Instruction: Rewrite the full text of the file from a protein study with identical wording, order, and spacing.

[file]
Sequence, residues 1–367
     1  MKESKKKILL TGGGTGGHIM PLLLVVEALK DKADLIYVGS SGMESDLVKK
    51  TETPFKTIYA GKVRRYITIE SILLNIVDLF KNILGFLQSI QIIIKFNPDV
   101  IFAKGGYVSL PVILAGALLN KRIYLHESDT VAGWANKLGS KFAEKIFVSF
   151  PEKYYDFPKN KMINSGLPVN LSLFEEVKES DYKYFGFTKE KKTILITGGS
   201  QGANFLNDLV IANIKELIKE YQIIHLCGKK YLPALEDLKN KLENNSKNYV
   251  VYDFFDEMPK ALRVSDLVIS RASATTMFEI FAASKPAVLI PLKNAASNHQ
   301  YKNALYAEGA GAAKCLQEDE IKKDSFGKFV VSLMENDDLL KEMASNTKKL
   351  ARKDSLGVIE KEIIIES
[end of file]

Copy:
Sequence, residues 1–367
     1  MKESKKKILL TGGGTGGHIM PLLLVVEALK DKADLIYVGS SGMESDLVKK
    51  TETPFKTIYA GKVRRYITIE SILLNIVDLF KNILGFLQSI QIIIKFNPDV
   101  IFAKGGYVSL PVILAGALLN KRIYLHESDT VAGWANKLGS KFAEKIFVSF
   151  PEKYYDFPKN KMINSGLPVN LSLFEEVKES DYKYFGFTKE KKTILITGGS
   201  QGANFLNDLV IANIKELIKE YQIIHLCGKK YLPALEDLKN KLENNSKNYV
   251  VYDFFDEMPK ALRVSDLVIS RASATTMFEI FAASKPAVLI PLKNAASNHQ
   301  YKNALYAEGA GAAKCLQEDE IKKDSFGKFV VSLMENDDLL KEMASNTKKL
   351  ARKDSLGVIE KEIIIES